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Infectivity of Norovirus in Shellfish Treated With High Hydrostatic Pressure Processing-Human Challenge Study (Shellfish)

This study has been completed.
Virginia Polytechnic Institute and State University
Information provided by (Responsible Party):
Christine Moe, PhD, Emory University Identifier:
First received: May 6, 2008
Last updated: November 18, 2013
Last verified: November 2013

Norwalk virus and related "Norwalk-like viruses" are the most common cause of outbreaks of stomach sickness (nausea, vomiting, diarrhea) in older children and adults in the United States. These viruses are sometimes found in drinking water, ice, shellfish and in other foods. They can be spread easily from contact with water, food, objects or hands that have even small amounts of feces from someone who was sick.

The purpose of this research study is to the effectiveness of high hydrostatic pressures processing (HPP) treatment on norovirus infected shellfish. Norwalk virus can survive in shellfish and still be able to cause sickness. HPP inactivates microorganisms living both on the surface and on the interior of the food. The goal of the study is to determine whether HPP treatment on oysters spiked with norovirus will reduce infection rates in people consuming raw infected oysters.

Condition Intervention
Healthy Procedure: High Hydrostatic Pressure Processing

Study Type: Interventional
Study Design: Intervention Model: Single Group Assignment
Masking: Triple (Participant, Care Provider, Investigator)
Primary Purpose: Prevention
Official Title: Norwalk Virus Inactivation by High Hydrostatic Pressure Processing: A Comprehensive and Integrated Program for Research and Outreach

Resource links provided by NLM:

Further study details as provided by Christine Moe, PhD, Emory University:

Primary Outcome Measures:
  • Infection with norovirus [ Time Frame: Throughout participation in study ]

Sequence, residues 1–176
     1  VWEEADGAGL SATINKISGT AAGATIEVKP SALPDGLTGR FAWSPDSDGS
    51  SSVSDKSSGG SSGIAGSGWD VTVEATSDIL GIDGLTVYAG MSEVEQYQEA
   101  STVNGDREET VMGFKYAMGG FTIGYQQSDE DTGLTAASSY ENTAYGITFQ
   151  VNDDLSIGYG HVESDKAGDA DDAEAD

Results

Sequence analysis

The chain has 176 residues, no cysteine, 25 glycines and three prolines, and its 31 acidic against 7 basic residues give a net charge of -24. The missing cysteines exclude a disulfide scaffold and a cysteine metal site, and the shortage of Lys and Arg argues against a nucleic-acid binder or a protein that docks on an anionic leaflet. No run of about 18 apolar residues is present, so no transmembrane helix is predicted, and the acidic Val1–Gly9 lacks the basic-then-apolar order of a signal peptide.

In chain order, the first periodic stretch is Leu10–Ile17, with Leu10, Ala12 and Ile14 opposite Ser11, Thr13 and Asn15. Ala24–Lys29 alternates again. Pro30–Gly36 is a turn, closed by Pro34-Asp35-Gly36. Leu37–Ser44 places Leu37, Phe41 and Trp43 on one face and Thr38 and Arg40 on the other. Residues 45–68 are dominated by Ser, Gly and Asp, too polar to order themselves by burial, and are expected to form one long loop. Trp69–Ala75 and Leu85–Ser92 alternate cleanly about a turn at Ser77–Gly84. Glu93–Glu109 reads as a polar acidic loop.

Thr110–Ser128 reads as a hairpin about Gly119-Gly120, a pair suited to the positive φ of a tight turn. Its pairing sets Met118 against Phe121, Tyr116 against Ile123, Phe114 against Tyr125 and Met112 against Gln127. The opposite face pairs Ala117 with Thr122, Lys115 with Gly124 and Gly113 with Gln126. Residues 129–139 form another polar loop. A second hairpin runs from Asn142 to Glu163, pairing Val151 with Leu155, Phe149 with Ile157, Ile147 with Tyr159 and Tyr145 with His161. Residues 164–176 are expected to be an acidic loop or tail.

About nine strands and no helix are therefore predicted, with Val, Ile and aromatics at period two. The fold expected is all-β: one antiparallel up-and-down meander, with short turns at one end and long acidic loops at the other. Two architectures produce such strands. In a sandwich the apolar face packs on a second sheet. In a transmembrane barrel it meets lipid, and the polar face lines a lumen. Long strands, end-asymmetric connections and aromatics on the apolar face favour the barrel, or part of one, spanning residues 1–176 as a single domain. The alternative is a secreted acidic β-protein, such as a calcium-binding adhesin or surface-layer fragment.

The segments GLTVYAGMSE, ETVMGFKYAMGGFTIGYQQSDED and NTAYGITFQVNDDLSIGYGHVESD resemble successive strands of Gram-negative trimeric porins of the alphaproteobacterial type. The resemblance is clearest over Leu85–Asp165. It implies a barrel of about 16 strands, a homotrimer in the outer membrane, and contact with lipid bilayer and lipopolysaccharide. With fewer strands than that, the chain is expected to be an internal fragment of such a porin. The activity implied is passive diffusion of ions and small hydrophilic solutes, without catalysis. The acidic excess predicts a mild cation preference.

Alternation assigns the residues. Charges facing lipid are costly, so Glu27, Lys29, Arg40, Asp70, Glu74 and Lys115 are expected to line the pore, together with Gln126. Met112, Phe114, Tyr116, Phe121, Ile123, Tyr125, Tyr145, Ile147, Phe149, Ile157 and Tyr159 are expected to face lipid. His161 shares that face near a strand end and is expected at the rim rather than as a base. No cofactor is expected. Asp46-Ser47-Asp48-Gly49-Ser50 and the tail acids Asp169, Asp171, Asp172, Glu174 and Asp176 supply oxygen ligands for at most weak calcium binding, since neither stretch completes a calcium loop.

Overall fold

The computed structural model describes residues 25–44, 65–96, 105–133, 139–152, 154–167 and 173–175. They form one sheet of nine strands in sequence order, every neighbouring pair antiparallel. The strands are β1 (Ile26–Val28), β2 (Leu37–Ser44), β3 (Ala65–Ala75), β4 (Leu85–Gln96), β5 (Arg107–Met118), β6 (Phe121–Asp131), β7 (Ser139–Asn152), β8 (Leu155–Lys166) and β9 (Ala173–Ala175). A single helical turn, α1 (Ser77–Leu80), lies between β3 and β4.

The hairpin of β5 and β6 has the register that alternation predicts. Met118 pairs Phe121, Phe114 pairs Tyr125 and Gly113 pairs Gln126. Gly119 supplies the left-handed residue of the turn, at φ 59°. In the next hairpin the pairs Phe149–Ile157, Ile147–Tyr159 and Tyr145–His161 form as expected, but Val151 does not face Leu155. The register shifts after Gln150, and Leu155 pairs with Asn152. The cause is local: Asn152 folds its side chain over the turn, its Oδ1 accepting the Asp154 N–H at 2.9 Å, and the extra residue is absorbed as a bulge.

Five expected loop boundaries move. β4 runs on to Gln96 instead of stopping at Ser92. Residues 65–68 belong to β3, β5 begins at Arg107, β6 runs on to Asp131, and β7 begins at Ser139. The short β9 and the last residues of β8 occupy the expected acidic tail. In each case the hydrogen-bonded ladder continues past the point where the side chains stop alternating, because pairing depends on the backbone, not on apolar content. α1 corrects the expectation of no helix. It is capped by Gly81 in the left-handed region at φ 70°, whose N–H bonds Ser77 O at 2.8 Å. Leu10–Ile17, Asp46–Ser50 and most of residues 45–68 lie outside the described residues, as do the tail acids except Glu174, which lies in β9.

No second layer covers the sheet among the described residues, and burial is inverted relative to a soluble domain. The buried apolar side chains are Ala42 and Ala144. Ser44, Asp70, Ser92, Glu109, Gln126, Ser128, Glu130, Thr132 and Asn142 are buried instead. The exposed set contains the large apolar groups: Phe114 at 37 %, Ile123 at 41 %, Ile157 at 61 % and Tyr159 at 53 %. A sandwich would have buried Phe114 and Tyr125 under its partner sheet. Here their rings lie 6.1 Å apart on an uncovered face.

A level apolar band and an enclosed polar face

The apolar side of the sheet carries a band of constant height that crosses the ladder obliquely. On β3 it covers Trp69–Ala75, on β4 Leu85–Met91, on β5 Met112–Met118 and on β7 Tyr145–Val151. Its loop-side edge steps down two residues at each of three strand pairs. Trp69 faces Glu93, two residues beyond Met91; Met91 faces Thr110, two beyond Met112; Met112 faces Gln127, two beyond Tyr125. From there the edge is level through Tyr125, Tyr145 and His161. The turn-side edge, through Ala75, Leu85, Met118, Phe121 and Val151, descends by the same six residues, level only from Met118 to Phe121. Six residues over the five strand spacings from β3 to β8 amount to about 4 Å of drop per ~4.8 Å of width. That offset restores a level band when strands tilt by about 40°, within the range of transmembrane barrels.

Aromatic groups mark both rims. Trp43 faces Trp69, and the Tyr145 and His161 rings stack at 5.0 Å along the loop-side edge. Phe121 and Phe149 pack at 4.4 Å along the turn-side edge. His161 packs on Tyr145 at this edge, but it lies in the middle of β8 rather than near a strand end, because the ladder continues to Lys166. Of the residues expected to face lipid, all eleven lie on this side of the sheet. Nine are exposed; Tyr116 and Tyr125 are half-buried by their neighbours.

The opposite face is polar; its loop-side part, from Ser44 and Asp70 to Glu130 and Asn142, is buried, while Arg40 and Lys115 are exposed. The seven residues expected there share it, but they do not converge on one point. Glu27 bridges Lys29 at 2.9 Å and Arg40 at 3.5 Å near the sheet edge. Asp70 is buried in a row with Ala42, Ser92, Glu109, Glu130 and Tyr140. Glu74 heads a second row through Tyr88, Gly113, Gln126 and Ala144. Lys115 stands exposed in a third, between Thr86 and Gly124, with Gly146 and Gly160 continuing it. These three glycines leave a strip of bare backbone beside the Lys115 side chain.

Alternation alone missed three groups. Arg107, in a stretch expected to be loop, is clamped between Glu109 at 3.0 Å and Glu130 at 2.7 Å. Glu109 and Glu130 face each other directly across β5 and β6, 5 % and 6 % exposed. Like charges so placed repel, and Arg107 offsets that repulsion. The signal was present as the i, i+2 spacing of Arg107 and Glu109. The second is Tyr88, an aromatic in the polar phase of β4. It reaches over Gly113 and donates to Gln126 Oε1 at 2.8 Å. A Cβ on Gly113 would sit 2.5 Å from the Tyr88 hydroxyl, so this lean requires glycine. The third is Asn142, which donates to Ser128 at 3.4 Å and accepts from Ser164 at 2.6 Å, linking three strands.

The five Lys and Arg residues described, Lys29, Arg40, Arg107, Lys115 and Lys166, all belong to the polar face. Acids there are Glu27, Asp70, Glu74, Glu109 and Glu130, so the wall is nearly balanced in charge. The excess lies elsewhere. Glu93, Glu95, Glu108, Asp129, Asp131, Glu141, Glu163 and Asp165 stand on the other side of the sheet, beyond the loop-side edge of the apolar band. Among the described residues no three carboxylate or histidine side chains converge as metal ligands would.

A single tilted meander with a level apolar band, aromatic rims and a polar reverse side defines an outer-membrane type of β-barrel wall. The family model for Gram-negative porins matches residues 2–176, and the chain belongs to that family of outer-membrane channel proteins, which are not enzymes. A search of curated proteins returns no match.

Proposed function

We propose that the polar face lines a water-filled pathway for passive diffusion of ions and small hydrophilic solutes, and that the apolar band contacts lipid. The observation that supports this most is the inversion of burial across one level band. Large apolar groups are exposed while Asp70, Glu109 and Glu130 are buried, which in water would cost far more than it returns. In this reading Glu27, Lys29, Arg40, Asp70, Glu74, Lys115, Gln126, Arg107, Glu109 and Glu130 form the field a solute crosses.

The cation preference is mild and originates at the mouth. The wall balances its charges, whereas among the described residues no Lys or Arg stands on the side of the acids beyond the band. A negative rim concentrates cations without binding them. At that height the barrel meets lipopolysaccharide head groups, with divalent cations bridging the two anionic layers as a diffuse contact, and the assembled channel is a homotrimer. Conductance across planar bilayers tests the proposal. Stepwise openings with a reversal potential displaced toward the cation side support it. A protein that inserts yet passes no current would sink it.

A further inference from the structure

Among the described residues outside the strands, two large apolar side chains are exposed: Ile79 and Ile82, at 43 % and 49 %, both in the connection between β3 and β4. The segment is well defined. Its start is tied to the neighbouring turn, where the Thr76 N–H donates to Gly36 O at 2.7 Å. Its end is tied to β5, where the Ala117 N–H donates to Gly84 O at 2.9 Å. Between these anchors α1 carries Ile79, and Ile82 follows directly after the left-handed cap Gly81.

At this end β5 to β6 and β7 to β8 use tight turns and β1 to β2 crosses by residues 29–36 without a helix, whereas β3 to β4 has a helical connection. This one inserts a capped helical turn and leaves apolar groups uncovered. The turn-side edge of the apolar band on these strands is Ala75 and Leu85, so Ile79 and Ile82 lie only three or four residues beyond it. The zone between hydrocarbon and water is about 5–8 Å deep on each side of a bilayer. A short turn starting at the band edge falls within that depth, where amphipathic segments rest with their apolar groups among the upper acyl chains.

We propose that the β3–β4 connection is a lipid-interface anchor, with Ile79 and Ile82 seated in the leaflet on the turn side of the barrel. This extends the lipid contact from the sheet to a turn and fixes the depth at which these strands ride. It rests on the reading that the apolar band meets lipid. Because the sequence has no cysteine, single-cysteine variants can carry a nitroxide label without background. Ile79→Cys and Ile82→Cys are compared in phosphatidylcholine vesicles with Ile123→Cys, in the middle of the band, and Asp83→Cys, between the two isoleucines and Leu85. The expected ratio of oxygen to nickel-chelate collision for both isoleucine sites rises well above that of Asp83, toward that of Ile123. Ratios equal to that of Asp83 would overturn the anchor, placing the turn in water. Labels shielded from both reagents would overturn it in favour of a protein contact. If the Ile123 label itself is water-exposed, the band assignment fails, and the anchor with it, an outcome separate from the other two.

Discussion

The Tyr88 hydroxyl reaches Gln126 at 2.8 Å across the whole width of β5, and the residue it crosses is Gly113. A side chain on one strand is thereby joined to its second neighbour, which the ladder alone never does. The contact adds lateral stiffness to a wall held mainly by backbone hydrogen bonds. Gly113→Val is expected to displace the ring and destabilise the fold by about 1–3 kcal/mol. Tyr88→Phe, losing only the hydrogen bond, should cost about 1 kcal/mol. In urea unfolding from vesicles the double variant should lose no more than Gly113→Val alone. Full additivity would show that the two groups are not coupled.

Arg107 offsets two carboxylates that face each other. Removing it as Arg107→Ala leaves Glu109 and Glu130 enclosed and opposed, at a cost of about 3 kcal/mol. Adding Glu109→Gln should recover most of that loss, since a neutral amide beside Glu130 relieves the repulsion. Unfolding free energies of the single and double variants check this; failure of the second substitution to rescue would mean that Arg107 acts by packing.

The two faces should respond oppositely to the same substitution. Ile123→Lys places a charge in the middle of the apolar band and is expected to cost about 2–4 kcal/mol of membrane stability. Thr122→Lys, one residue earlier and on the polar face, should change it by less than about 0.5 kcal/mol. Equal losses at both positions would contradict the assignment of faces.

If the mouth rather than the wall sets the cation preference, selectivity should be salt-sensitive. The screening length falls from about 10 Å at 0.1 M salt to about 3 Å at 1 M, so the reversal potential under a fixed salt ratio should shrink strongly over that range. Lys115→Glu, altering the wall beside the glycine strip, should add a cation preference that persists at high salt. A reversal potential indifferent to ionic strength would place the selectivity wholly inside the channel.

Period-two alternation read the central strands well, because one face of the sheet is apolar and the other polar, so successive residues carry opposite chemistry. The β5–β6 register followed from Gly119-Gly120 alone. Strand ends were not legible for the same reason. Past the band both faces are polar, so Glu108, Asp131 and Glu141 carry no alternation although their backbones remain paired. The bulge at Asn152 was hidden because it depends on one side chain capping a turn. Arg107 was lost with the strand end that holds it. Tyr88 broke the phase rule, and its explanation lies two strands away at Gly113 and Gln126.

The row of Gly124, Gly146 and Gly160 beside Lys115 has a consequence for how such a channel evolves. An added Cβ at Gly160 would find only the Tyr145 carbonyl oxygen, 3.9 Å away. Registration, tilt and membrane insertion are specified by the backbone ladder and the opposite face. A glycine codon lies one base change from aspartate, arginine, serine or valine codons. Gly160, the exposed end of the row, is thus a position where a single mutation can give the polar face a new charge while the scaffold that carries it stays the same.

Enrollment: 51
Study Start Date: September 2007
Study Completion Date: March 2010
Primary Completion Date: October 2009 (Final data collection date for primary outcome measure)
Arms Assigned Interventions
Experimental: Shellfish with Norovirus
We dosed shellfish with Norovirus and challenged human volunteers with Shellfish that had norovirus
Procedure: High Hydrostatic Pressure Processing
High Hydrostatic Pressure Processing is a technology, used in the food service industry, where foods are subjected to high pressure. These high pressures kill many pathogens without affecting the quality of the food.
Other Name: HPP


Ages Eligible for Study:   18 Years to 50 Years   (Adult)
Sexes Eligible for Study:   All
Accepts Healthy Volunteers:   Yes

Inclusion Criteria:

  • Normal healthy volunteer
  • Age must be between 18 and 50 years of age

Exclusion Criteria:

  • Have a job in which you handle food
  • Are a health care worker with direct patient contact
  • Work in a child care, elderly care center or if you live with young children or anyone who has a weak immune system
  • Are not willing or able to wash your hands every time after you go to the bathroom, or before and after you prepare or handle food throughout the whole study
  • Are anemic
  • Are not willing to give us permission to store and use your data and samples
  Contacts and Locations
Choosing to participate in a study is an important personal decision. Talk with your doctor and family members or friends about deciding to join a study. To learn more about this study, you or your doctor may contact the study research staff using the Contacts provided below. For general information, see Learn About Clinical Studies.

Please refer to this study by its identifier: NCT00674336

United States, Georgia
Emory University General Clinical Research Center
Atlanta, Georgia, United States, 30322
Sponsors and Collaborators
Emory University
Virginia Polytechnic Institute and State University
Principal Investigator: Christine Moe, PhD Emory University
Principal Investigator: George M Lyon III, MD, MMSc Emory University
  More Information

Responsible Party: Christine Moe, PhD, Gangarosa Professor, Emory University Identifier: NCT00674336     History of Changes
Other Study ID Numbers: 0551-2006
RSPHGH-CLM-2007-NoVSHELLFISH ( Other Identifier: Other )
Study First Received: May 6, 2008
Last Updated: November 18, 2013

Keywords provided by Christine Moe, PhD, Emory University:
Clinical Trial
Stomach flu
high hydrostatic pressures processed this record on September 25, 2017